Kootenai County voters rejected a $50 million open space bond
Erick Doxey photo
Downtown Coeur d'Alene condominiums are shown under construction in 2020. Kootenai County continues to see rapid growth, but voters rejected one option to curtail the impacts.
that would have enabled the county to purchase land to prevent it from being developed in favor of recreational opportunities.
The measure, which would have required a two-thirds majority to pass, was defeated with about 53% of voters saying "no" on Tuesday, Nov. 7.
The county commission pitched the bond — which would have been paid back over 20 years — in an effort to offer options to curtail impacts from growth, protect the region's aquifer, and pay for more parks and trails, particularly on the Rathdrum Prairie.
The owner of a $500,000 home (taxable on $375,000 after the homeowner's exemption) would have seen a tax increase of about $30 next year if it had passed.
Kootenai County Commissioner Bruce Mattare, who spoke to community groups about the bond in the lead up to the election, thinks that a lot of people may not have been aware of the request until Election Day.
"From just a simple communication perspective, now people are aware of it because they've seen it on the ballot," Mattare says. "That actually is like an ice breaker in a sense."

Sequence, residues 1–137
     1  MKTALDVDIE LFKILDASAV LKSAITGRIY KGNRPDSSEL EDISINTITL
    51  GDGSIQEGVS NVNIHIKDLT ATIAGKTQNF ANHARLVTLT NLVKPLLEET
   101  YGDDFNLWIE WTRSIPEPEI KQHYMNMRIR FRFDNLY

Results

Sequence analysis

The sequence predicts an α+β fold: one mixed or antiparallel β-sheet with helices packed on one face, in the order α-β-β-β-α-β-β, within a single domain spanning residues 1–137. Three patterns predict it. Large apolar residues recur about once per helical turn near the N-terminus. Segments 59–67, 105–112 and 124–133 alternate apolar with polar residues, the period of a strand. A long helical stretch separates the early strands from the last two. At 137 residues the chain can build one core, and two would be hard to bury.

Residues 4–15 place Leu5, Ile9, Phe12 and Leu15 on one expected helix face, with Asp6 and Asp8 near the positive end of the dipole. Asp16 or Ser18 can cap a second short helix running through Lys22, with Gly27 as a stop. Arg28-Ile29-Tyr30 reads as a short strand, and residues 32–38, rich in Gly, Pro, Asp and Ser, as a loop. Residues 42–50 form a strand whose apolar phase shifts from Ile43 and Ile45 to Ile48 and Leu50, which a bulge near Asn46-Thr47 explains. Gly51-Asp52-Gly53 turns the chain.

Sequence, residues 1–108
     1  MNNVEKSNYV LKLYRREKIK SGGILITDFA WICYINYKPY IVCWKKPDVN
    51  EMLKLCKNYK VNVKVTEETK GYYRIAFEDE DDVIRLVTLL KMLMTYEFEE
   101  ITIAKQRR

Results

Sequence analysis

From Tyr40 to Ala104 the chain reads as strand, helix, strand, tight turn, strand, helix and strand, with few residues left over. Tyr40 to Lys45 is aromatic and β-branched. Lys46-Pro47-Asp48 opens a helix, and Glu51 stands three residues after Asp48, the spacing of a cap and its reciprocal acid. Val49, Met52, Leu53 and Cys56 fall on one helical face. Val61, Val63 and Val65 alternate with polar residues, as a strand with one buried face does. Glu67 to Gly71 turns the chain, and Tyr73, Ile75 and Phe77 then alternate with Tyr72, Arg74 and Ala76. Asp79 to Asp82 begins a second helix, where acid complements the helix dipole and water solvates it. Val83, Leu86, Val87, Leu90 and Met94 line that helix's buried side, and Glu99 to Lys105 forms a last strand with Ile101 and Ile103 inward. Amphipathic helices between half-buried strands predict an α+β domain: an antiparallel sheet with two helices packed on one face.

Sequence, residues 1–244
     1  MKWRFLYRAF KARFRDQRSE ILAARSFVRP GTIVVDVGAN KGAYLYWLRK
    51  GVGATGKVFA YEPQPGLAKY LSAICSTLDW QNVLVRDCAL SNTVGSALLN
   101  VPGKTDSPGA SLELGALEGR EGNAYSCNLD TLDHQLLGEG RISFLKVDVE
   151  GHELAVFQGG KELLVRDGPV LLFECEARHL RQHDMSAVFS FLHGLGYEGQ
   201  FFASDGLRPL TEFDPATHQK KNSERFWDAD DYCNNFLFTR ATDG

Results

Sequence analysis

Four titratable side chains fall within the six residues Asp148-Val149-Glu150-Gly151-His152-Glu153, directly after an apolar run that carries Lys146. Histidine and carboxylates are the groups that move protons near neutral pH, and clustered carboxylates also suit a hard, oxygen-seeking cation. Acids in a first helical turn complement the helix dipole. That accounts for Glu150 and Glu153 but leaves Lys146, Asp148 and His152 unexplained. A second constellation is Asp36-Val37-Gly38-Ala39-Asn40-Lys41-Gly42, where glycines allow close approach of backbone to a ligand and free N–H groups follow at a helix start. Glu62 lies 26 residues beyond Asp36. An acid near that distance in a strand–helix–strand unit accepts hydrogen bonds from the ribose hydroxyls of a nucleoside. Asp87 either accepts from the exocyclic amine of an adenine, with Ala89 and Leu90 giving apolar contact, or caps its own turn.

He'd like to keep the door open to putting the issue before voters again once they've had the chance to learn more about it.
Kootenai County saw an estimated 7% population increase from the time of the 2020 census to 2022. Looking back even farther, since 2010 the county population has grown by 32.5%.
Mattare says there are "no free rides" when it comes to growth.
"You're gonna pay for it through sitting in more traffic, standing in longer lines, or a few extra dollars to buy open space and keep it so that it never gets developed," he says. "Idaho is a very pro-property rights state, so stopping growth, and making growth pay for itself, is much easier said than done."
He says that if the county continues to grow the way it has, "the demands for bigger and more expensive government will continue."
"This is something that could keep that growth in government services in check as well," Mattare says.